For now, I’m in Maine on a little beach retreat with Craig and my parents. It’s lovely to wake up near the sea and do yoga outside. I am trying to practice twice daily– a hour before breakfast and an hour before dinner. It’s a good routine, but I’m allowing myself a little flexibility to do whatever I feel like. After so much busyness in the last four months, it is also great to spend time with people I love. I am enjoying being immersing myself in vacation mode, which involves plenty of reading, beach combing and food.

(The book I’m reading right now is “Three Cups of Tea” by Greg Mortenson and David Oliver Relin. I highly recommend it. Very inspiring.)

* * *

I still want to meet my fundraising objective of $10,800 for the Stephen Lewis Foundation by Dec. 1. We’re 22% of the way there. Anything you can contribute to this great cause is really appreciated. Please spread the word. Also, if you have any ideas for how I can continue fundraising, please let me know.

Here’s the link to my online donation page: http://stephenlewisfoundation.akaraisin.com/p/yasminyoga.aspx

Reflections one week later

Hello my friends,

I just want to let you know that all is well with me. I am slowly emerging from the 32 hour yoga marathon practice and this blissful 108 day journey. I am unharmed. My muscles were a little sore last Wednesday, the day after, but all and all, I feel good. (Especially after being a sloth for a couple of days. Here’s a photo Craig took on Aug 4th, the ‘day after’. Jamie, Craig and I sprawled on the couch eating pizza and watching a movie.)

I am still processing the events of the last week along with all the attention my story has received. (An article about the marathon was published in The Times of India on Aug 4. And yesterday one of the editors from Yoga Journal called the studio to congratulate me. I have know idea how all these people heard about this, but it is very funny to me. I suppose this is my 15 minutes of fame!) The whole experience is still surreal to me. I keep finding myself questioning, “Did I really do 108 days of 108 sun salutations? Did I actually do 32 hours of yoga? How did I do this?”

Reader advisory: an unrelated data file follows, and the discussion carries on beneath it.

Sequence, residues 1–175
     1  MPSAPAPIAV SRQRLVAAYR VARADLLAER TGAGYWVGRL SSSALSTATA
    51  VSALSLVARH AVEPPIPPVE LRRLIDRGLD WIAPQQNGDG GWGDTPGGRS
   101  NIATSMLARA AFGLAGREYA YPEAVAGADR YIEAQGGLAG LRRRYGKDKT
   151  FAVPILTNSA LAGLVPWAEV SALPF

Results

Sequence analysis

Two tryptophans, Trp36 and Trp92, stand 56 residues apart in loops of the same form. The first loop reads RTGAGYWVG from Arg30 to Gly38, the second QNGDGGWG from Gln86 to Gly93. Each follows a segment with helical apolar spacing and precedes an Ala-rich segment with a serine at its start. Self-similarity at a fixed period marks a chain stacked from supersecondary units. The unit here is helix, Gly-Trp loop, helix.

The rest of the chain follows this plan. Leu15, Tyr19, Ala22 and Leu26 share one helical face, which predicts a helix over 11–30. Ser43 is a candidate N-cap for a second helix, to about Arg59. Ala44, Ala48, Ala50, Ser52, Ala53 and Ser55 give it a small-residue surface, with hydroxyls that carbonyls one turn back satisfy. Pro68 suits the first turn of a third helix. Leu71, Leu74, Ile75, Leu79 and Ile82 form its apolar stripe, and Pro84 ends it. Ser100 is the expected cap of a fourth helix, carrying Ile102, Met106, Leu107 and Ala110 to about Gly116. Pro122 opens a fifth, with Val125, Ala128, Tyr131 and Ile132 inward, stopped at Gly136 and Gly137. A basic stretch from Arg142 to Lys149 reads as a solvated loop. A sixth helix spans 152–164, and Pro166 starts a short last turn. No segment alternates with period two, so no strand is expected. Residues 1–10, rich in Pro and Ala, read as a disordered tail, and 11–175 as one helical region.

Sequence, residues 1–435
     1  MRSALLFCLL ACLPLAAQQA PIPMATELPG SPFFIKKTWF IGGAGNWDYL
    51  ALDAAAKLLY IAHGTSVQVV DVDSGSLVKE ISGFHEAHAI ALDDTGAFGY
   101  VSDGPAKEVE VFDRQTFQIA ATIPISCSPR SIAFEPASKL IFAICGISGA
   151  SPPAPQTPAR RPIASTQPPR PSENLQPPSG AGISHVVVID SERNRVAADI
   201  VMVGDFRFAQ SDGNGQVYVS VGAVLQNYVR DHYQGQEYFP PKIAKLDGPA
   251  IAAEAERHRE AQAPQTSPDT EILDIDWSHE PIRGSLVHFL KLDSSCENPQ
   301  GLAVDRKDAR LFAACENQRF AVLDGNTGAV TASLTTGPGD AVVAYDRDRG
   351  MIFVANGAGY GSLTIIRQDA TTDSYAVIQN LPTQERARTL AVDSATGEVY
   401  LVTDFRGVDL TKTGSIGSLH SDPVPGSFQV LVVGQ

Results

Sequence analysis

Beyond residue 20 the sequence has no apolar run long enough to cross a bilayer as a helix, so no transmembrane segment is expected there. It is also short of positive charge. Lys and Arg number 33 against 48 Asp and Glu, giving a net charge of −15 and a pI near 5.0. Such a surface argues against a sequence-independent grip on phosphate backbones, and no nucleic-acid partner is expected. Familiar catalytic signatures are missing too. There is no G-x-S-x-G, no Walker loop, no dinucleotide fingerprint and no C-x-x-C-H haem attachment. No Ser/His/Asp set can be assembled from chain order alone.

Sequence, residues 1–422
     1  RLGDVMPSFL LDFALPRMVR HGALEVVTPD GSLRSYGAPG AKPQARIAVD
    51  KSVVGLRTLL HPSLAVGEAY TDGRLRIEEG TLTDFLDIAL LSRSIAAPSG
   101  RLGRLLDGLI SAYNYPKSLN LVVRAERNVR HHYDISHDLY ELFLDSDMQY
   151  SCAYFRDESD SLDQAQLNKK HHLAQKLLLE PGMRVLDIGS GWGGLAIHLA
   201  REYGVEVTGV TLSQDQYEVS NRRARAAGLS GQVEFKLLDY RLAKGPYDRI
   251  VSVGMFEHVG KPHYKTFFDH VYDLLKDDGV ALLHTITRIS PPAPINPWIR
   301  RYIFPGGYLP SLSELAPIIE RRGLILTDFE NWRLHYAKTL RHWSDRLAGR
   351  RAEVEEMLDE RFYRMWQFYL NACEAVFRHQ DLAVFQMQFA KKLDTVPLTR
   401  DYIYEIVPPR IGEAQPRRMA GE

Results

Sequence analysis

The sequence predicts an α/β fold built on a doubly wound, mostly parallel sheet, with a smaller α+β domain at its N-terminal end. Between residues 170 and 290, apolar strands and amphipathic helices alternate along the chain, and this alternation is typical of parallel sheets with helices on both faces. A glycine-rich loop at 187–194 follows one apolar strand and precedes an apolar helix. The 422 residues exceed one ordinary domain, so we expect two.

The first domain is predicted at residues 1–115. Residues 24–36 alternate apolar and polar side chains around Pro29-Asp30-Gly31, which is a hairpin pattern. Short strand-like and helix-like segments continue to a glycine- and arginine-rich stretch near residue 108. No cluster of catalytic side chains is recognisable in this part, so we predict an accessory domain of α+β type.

I am currently going through all the footage of the 32 hour practice and listing all 1008+ postures I did. (I need to submit a final list of poses for my Guinness application, which is nearly complete.) This is a tedious process and I’ve been working on all day, but the more time I spend looking at the videos the more emotional I’m becoming. It feels like I am experiencing the whole 32 hour practice all over, at least the emotions of it. It’s intense.

I’ve actually been getting emotional quite a bit lately. I am so touched by all the notes and messages I’ve been received. One woman who came for the last two hours of my practice told me after that being in the studio at the final minutes of the challenge made her think of all the unmanifested dreams they still have and how they too could be realized. I become teary every time I am reminded that this wasn’t just about me. This was a shared experience that I would not have been as powerful if even one of those people visiting, practicing or volunteering hadn’t been there. It was like an alchemy of the energy of everyone present. I really felt like I was simultaneously being lifted and grounded by the people around me. I feel so so so grateful for all your support.